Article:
It is also vital to note that having a family member who has developed a particular phobia or mental disorder doesn’t definitely mean that you will develop it. It simply means that having a genetic predisposition will only increase your chances of having vitricophobia.

Environmental factors

It is entirely possible for a person to have genetic predispositions but not develop any form of phobia. This is because if there are no appropriate genetic predispositions, then there will be no trigger, and as such, there will be no anxiety disorder.

However, once there are certain environmental factors in place coupled with the genetic predisposition, then the person has a higher risk of developing vitricophobia.

In most cases, certain environmental factors such as a traumatic event that may have occurred during childhood, stories told by other children about their horrible step-father, or even watching of certain movies may trigger this phobia.

Essentially, any traumatic emotional event that revolves around the various fears that are linked with vitricophobia in any way may sometimes be enough to trigger vitricophobia in as much as the person has the appropriate genes for them.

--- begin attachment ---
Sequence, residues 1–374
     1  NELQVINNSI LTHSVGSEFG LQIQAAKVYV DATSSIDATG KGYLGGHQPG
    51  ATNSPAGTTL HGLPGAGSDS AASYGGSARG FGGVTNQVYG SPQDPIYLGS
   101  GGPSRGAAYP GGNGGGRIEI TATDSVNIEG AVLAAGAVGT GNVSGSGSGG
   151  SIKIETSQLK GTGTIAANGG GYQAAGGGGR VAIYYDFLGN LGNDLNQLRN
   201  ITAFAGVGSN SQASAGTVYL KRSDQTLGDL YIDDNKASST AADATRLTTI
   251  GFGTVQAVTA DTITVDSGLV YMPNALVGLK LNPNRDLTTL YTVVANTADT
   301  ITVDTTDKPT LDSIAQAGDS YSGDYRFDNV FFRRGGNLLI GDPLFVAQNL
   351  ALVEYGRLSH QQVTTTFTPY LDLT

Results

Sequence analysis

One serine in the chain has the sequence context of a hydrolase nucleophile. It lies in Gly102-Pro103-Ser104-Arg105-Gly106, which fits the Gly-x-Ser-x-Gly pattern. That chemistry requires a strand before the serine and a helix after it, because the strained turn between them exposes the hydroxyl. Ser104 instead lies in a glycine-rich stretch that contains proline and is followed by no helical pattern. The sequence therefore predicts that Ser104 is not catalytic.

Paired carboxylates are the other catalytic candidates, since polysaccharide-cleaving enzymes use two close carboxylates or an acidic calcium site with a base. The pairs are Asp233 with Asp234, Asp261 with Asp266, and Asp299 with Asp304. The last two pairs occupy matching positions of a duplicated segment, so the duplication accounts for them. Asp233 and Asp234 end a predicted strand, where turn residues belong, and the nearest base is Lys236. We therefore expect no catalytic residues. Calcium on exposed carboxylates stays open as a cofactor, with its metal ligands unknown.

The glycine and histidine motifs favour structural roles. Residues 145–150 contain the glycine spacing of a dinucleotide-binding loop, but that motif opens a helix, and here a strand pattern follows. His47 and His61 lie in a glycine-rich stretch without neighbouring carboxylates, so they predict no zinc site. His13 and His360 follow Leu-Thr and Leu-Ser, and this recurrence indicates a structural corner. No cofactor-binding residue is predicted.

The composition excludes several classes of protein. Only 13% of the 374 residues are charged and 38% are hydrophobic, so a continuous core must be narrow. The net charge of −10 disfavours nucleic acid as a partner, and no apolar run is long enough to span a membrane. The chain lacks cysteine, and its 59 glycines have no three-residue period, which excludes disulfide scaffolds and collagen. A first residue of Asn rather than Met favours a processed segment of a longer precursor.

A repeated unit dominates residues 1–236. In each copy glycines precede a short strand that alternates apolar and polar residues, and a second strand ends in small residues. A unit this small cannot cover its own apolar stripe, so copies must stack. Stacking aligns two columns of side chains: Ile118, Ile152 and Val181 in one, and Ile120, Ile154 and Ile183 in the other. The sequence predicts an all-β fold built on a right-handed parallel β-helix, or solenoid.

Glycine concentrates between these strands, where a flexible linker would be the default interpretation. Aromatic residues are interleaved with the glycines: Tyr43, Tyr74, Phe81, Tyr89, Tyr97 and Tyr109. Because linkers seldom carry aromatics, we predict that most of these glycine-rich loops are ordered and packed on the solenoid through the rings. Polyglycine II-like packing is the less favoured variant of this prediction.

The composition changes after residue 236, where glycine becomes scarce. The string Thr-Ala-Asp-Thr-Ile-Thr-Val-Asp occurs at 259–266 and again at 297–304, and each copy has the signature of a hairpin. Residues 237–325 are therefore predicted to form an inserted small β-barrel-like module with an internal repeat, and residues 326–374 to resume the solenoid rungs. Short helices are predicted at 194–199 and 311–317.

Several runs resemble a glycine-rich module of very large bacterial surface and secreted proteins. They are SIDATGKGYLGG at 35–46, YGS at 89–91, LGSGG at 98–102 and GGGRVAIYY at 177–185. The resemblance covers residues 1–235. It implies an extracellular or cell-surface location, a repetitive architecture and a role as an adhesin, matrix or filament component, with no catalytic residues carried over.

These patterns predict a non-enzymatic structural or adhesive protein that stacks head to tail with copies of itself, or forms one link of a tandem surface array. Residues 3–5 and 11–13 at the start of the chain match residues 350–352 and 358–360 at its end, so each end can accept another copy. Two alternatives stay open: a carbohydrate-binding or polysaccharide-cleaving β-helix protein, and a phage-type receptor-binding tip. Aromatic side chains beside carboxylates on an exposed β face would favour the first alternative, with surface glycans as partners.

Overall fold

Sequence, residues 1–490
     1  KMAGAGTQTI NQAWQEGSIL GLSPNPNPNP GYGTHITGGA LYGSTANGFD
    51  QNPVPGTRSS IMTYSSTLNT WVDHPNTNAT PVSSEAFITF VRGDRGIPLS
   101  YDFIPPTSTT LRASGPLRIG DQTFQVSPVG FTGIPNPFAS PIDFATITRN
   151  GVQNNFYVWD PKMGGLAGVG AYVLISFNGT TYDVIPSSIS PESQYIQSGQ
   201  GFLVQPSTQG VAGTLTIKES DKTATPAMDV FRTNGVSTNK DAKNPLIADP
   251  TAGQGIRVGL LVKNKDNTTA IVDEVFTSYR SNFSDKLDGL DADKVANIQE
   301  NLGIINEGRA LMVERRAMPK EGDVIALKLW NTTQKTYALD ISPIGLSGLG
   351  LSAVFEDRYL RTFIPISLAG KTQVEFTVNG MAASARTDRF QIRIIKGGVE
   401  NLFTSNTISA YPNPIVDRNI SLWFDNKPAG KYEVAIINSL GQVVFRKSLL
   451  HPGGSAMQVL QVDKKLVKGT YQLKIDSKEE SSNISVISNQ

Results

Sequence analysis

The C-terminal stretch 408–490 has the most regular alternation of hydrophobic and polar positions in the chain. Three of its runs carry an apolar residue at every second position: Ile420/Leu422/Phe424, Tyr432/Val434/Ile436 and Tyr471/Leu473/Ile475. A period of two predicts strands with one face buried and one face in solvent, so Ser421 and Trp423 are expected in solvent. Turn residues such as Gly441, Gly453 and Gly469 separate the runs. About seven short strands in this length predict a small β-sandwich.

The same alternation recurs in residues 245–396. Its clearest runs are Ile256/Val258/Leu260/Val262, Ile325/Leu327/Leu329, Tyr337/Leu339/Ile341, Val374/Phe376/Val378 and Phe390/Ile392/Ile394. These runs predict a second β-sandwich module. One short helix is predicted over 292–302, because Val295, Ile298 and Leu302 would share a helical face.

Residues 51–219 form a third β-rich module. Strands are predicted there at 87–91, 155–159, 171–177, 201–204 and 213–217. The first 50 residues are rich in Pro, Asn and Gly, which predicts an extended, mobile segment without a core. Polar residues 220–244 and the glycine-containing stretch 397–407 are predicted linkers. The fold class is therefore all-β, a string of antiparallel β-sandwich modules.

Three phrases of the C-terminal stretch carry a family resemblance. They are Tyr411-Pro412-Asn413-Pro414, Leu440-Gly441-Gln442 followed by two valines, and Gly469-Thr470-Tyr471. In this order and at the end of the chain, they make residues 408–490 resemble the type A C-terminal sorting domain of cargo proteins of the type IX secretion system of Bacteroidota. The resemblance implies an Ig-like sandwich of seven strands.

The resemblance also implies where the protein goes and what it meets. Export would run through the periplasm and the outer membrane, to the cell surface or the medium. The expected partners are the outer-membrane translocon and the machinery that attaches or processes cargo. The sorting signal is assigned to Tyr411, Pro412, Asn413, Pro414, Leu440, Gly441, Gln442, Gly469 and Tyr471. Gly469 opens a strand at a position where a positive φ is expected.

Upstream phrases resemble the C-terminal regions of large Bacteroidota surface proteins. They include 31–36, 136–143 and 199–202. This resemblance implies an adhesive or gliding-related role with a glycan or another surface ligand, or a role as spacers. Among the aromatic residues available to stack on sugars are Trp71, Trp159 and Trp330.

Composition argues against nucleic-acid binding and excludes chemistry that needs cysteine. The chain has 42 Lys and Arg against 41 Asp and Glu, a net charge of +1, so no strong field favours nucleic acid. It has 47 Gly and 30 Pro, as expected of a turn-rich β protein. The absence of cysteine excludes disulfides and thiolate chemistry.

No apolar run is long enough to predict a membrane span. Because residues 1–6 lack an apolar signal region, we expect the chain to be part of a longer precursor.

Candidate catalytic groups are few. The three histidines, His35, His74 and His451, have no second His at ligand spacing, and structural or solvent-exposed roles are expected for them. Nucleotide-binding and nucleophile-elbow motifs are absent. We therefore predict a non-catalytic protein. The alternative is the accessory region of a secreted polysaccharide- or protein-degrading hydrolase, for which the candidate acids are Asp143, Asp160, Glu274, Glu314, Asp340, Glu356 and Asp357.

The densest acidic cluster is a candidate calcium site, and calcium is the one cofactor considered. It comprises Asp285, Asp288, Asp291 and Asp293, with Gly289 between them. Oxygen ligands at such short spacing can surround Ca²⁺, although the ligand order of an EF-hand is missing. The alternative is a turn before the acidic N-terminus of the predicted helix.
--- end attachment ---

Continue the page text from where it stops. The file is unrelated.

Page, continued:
Symptoms of Vitricophobia

Those who have vitricophobia will most times avoid any form of contact with their step-father. In some patients, this intentional avoidance of coming in contact with their fear is what triggers them to begin to experience anxiety and fear in the first place.

Most times, running away usually feels like the best thing to do; however, it is essential to know that it is only a quick fix. In the long run, what you keep running away from will eventually limit your life and emotional progress as well as hurt you emotionally.

Sometimes, some people who have vitricophobia don’t necessarily always have only to avoid their exact fears(step-father or their step-parents). However, they tend to avoid situations that may trigger their fears or, in extreme cases, the thoughts of their fears.

There have been numerous cases whereby a patient who has vitricophobia starts to fear experiencing the anxiety itself because it usually makes them extremely uncomfortable immediately they start to experience it.